To realize the potential promise of health law and policy for incarcerated people, efforts should focus on anchoring health care behind bars to the quality of health care provided in communities.
Repealing the Medicaid exclusion would be one significant step towards improving carceral health care, though there would be significant implementation challenges in translating certain benefits to the carceral context. Experts have also suggested transferring responsibility for carceral health care to federal, state, and local public health authorities to deepen independence of health care decisions from prison management concerns.
While both of these reforms are long-term and structural, short-term reforms such as decarceration and independent medical advisory boards would, respectively, reduce the number of people harmed by unconstitutional health care immediately, and ensure community standards of care guide decision-making for incarcerated patients.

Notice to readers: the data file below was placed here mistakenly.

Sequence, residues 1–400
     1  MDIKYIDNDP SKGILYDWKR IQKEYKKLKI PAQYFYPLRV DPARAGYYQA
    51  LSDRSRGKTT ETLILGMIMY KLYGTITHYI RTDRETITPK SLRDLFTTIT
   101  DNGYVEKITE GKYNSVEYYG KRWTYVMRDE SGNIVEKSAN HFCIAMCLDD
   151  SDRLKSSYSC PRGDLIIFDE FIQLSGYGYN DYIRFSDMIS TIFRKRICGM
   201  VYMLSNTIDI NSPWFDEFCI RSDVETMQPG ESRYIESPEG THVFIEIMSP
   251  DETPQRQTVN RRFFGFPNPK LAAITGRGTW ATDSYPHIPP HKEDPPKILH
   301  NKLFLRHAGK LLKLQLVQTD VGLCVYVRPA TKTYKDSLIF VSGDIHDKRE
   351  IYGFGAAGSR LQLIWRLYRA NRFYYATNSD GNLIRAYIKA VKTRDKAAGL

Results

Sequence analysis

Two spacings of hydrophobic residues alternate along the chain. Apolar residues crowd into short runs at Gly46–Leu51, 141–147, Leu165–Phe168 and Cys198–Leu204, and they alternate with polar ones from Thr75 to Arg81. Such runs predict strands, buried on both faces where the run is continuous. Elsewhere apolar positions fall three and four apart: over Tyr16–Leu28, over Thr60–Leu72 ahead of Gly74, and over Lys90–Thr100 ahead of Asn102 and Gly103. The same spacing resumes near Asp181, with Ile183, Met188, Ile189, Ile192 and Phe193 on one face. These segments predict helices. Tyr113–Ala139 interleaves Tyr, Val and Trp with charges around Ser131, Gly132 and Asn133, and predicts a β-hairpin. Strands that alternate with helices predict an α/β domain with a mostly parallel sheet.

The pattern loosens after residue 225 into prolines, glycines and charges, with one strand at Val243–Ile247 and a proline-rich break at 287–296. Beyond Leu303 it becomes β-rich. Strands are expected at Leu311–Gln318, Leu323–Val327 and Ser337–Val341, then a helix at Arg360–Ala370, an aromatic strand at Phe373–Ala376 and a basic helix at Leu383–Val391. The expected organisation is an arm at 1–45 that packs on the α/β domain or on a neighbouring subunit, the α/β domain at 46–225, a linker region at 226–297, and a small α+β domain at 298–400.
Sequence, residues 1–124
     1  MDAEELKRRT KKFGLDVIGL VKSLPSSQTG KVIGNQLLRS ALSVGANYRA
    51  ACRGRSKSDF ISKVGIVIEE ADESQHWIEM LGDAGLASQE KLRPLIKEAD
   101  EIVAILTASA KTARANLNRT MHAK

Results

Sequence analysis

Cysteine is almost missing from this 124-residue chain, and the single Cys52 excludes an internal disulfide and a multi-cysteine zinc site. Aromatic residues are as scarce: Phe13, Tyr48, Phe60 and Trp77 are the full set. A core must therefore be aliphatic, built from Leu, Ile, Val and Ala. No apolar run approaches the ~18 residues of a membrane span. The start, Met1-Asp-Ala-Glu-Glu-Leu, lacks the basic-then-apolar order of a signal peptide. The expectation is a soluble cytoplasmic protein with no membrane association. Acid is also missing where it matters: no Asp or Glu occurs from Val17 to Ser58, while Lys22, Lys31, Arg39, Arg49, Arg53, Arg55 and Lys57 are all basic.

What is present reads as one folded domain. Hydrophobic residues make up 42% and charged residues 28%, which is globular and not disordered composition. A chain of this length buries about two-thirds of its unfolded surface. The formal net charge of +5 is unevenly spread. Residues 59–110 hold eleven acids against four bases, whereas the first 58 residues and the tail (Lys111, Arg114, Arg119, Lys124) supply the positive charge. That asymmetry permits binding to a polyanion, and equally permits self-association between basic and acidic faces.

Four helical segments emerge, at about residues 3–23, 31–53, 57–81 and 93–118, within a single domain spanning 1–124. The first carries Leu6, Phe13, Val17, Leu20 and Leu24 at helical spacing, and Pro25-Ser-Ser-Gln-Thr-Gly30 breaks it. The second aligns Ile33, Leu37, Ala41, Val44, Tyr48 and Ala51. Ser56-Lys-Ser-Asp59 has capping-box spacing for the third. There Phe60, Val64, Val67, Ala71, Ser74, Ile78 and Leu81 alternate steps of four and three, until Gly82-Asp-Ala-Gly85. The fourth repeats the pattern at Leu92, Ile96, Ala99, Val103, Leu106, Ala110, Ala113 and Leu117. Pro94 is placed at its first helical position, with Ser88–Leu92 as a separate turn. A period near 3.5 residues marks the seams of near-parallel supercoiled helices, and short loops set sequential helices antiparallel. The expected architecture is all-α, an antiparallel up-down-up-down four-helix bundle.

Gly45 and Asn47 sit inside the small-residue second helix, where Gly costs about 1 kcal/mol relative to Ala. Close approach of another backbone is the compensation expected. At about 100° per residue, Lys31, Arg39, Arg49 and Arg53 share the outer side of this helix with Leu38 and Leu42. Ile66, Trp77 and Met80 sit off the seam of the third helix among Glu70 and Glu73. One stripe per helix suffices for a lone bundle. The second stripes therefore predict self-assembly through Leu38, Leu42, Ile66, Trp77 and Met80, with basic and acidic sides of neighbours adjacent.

Andrea Armstrong is the Law Visiting Committee Distinguished Professor of Law at Loyola University New Orleans, College of Law. Prof. Armstrong participated in a three-year study of effects of incarceration on health service use in Louisiana through an Interdisciplinary Research Leader grant from the Robert Wood Johnson Foundation, shared with the Voice of the Experienced and LSU Center for Healthcare Value and Equity.